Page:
Last month, I posted ZIMO started producing their new large scale ‘MX699′ decoder, and according to ZIMO’s Facebook page the first MX699’s are now shipping!
With the delivery of the V 20 diesel locomotive from PIKO in July, Dietz now offers a matching sound project for their ‘micro’, ‘X-clusive’ and ‘Profi’ sound decoders. Link: Dietz
Talking about the V 20… I will receive one from PIKO soon, so you can expect a review of the model here on G Scale News.
Massoth released a new version of their ‘Service tool’ for updating Massoth bus and track components. Version 1.3.2 can be download from their website. Massoth also released firmware version V3.2 for their DiMAX USB PC Module.
Shipping again are the L and XL driving decoders.
According to the ZIMO homepage, the Swiss company has started production of their new large scale ‘MX699′ decoder. The MX699 has some new extra features compared to its predecessor, the MX695 decoder series.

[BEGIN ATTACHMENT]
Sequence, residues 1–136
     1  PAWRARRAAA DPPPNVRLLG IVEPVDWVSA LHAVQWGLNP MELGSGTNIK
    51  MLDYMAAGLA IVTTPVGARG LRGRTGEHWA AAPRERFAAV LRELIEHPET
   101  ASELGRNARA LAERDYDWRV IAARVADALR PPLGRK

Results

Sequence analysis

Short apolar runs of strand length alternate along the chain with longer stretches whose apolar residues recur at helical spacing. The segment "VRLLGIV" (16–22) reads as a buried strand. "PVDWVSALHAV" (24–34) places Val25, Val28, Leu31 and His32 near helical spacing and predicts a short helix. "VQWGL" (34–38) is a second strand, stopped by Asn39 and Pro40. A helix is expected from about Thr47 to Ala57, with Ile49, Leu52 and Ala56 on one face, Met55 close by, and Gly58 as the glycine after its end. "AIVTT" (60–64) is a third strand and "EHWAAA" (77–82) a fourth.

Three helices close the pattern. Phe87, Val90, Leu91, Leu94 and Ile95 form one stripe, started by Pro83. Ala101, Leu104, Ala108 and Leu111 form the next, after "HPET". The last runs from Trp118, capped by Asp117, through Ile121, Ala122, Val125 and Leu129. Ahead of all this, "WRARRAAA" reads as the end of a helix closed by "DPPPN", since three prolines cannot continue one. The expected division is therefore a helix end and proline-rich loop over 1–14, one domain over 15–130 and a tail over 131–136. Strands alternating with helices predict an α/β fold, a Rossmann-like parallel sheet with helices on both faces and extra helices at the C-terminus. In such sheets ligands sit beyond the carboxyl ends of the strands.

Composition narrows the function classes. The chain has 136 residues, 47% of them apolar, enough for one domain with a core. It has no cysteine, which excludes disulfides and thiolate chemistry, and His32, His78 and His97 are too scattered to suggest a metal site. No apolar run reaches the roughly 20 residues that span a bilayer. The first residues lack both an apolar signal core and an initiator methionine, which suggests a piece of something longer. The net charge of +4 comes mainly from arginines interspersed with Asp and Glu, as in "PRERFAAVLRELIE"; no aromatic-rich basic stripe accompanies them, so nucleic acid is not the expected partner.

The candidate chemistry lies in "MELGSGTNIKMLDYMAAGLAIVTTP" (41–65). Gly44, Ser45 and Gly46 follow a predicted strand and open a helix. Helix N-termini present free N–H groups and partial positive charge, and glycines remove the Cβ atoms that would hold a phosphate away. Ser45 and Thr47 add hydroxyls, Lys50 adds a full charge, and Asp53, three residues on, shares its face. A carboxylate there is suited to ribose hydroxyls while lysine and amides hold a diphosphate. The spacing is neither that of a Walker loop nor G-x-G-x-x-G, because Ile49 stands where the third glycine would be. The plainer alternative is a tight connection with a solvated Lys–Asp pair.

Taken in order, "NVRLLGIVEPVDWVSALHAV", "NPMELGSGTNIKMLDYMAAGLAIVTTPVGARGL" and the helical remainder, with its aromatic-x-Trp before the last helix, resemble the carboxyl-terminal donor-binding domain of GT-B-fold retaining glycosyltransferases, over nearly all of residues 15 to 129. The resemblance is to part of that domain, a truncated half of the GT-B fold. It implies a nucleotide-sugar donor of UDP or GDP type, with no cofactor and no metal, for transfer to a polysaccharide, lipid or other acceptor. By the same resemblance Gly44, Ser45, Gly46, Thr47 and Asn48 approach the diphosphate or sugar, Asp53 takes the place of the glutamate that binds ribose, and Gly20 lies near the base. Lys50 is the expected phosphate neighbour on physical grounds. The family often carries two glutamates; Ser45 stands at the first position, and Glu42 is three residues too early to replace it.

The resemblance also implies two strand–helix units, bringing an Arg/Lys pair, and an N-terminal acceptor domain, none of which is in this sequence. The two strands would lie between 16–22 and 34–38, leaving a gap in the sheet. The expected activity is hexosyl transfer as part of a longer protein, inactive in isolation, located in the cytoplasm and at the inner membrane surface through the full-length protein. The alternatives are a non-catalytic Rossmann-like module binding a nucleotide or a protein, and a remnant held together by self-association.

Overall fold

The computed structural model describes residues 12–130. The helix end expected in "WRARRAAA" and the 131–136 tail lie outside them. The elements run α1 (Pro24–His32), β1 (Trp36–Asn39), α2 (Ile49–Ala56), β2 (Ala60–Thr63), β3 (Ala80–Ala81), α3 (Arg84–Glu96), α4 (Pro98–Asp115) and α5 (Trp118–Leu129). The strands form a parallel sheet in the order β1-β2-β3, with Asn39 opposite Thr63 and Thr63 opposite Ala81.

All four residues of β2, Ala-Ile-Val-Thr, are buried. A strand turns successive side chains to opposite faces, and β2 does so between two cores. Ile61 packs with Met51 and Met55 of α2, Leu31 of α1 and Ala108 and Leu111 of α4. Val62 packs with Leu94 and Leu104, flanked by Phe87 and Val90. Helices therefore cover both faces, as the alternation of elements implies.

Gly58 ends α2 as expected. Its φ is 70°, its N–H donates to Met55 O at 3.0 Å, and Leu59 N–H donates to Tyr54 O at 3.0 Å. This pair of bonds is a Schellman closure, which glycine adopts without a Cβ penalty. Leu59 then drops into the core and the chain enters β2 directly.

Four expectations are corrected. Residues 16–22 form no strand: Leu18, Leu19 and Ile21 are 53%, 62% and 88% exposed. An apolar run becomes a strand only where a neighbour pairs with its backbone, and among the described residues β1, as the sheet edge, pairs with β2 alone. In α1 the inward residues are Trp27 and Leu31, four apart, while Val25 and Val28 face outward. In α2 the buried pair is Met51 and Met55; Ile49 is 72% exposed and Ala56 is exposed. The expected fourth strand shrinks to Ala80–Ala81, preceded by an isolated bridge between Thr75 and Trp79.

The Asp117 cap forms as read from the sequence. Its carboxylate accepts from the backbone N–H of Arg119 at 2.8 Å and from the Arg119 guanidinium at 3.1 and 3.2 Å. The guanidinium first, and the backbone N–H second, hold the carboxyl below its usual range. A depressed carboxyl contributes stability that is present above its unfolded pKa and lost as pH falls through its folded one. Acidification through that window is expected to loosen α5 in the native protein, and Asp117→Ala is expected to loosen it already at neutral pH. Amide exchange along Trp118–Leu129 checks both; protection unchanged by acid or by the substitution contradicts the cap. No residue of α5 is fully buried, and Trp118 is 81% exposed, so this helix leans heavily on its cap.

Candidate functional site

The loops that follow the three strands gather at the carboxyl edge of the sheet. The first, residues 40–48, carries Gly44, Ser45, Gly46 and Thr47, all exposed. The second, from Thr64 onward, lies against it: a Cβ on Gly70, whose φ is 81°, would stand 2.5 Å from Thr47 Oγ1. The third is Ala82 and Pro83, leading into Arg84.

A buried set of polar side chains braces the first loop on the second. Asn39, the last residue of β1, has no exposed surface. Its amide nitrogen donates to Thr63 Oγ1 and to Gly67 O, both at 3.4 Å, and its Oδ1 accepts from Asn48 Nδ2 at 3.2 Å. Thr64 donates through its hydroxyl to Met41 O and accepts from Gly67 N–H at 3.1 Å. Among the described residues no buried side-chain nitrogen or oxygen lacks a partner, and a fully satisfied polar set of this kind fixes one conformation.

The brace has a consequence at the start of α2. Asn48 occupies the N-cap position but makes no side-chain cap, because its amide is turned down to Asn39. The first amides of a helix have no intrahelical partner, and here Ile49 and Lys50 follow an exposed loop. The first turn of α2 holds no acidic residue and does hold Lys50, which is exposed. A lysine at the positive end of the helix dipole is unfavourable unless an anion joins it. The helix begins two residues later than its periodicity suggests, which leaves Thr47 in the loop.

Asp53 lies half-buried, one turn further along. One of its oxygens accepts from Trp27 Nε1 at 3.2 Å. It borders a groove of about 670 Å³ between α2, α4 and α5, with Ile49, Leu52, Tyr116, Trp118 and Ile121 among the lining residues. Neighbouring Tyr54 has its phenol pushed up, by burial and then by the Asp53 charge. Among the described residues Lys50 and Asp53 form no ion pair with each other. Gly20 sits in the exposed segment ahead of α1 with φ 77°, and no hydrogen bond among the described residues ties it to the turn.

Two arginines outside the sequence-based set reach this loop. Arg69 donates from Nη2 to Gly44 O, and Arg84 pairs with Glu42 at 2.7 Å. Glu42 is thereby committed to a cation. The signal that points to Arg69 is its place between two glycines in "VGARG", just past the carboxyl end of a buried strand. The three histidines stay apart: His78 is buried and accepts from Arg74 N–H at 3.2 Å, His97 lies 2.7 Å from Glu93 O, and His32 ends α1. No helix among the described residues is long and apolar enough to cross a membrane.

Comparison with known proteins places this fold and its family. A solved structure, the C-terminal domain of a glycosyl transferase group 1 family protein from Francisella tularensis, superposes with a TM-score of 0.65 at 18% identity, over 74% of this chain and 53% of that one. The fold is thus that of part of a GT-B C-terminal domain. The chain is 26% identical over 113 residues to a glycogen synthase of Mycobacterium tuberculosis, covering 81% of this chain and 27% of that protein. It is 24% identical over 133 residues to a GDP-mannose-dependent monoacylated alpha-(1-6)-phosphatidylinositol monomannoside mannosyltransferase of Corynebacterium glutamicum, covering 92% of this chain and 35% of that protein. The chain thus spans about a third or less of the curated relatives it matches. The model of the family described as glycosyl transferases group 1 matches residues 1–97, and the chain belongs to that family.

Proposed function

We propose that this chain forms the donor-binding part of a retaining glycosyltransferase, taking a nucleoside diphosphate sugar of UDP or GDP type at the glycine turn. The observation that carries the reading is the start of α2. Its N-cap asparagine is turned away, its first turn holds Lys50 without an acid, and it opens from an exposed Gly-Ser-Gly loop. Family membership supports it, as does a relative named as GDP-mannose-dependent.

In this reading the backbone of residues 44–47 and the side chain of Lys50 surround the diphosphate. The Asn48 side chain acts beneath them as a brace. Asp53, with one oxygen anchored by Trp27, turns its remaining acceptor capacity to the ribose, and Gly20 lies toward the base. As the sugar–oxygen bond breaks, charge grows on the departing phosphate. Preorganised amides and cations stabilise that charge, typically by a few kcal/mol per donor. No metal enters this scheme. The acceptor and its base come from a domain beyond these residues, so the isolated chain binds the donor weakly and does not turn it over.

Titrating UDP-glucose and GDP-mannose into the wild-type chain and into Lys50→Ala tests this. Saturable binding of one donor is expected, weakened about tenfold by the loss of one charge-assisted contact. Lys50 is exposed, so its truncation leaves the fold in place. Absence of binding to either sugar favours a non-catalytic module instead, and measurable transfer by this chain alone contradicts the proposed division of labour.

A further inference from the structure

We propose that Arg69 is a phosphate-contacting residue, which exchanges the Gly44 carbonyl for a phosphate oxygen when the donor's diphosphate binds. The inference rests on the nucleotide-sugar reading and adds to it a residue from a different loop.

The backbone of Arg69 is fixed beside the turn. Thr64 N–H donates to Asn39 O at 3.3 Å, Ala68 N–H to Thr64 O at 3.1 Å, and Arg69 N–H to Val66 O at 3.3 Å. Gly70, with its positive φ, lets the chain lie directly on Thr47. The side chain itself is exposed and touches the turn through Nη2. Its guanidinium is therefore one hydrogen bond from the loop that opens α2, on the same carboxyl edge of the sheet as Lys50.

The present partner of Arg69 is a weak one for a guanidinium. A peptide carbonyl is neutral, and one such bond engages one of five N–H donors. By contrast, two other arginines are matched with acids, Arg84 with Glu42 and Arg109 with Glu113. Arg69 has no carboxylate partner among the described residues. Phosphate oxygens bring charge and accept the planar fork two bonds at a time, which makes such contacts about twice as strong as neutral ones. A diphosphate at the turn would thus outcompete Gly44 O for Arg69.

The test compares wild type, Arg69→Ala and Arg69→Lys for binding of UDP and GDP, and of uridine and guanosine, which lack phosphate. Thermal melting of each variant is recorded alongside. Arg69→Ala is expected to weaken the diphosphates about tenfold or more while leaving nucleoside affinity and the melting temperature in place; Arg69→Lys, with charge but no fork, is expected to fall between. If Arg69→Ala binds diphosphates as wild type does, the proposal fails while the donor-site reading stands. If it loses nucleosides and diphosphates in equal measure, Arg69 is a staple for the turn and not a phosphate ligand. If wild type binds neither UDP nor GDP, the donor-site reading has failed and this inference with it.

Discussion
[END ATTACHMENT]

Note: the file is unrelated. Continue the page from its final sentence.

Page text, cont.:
The MX699 includes three ‘super caps’ on board, which should ensure excellent running characteristics on dirty track. Two fan outputs (MX695 has one) allow independent operation of two synchronized smoke generators. ZIMO presents the full list of improvements on their homepage.
ESU released a new sound file for their ‘LokSound (XL) V4.0′ digital decoder. The new sound for the GG-1 type electric locomotive is now available for download on ESU’s website.
“The iconic GG-1 is known around the world as the American Electric Streamliner. Built by GE and the famous Pennsylvania Railroad Altoona Shops, the GG-1s were constructed between 1934 to 1943. Operating in a multitude of paint schemes the GG-1s ran on PRR, Penn Central, Conrail, Amtrak, and NJT. Primarily they ran on the North East Corridor between New York City and Washington DC. They did occasionally see service on other electric lines around the north east United States.
Though the GG-1 was relatively quiet compared to its diesel electric cousins our ESU version includes correct GG-1 A-200 Air horns, Proper GG-1 Bells, Sounds of the pantographs going up and down, transformer sounds, traction motor fans, traction motor gear whine, random compressor, new air release and brake squeal sounds, curve squeal, and track sounds.”
The picture below shows a GG-1 in Pennsy livery from USA Trains. LGB also offered the GG-1 in various paint schemes.